WASHINGTON (Reuters) - The U.S. Food and Drug Administration urged the removal of South Korean oysters, clams, mussels and scallops from the market, saying the products may have been exposed to human fecal waste and contaminated with norovirus.
At least four people in the United States have become sick after eating South Korean seafood - three in October and one in December, the FDA said on Thursday.
The regulatory warning spans the range of fresh, canned and processed seafood products that contain the seafood types known as molluscan shellfish that entered the United States before May 1, when the FDA first removed them from an interstate list of certified shellfish shippers.
An FDA official said U.S. representatives are in talks with South Korean officials about the problem that involves polluted fishing waters where the seafood was harvested.
An official with the South Korean embassy in Washington had no comment.
Some food companies have already removed the products from their distribution networks. But the agency said not all have complied and it issued the warning in an effort to reach retailers distributors and food service operators.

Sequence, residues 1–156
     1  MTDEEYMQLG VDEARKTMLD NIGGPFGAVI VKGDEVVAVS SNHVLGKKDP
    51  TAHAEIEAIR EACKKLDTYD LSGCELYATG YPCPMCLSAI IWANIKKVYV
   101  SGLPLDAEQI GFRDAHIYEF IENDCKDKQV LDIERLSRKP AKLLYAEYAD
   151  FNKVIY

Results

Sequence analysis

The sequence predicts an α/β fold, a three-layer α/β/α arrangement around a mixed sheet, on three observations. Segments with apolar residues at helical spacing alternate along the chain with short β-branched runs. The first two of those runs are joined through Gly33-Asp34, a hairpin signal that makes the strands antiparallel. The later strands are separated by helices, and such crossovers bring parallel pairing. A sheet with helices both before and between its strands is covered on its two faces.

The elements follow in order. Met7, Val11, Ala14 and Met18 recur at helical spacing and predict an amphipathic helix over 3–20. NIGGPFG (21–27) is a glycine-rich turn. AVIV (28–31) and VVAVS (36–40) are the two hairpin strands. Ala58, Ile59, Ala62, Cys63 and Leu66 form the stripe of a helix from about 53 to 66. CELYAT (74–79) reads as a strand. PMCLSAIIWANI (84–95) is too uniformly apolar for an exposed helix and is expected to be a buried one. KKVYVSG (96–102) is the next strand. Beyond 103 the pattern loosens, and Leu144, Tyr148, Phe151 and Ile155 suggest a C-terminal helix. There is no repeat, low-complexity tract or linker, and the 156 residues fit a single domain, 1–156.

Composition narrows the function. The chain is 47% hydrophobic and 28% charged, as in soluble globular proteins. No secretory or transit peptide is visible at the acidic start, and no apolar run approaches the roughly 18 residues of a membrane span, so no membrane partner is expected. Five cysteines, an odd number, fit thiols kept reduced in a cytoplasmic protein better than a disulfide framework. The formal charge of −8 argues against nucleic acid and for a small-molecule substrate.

“These products and any products made with them may have been exposed to human fecal waste and are potentially contaminated with norovirus,” the FDA said in a statement.
South Korean shellfish represent only a tiny fraction of the oysters, clams, mussels and scallops sold in the United States.
Norovirus causes gastroenteritis, a disorder characterized by nausea, vomiting, diarrhea, stomach cramps and other symptoms that occur within 12-48 hours of exposure and last up to three days.
The FDA took action after determining that a South Korean program to safeguard shellfish contamination did not meet U.S. standards for sanitary controls.
The agency advised consumers to check seafood labels and contact seafood vendors, if they are concerned about products they have purchased, and throw out any found to be from South Korea.
Reporting By David Morgan, Anna Yukhananov and Salimah Ebrahim; Editing by Bob Burgdorfer and Tim Dobbyn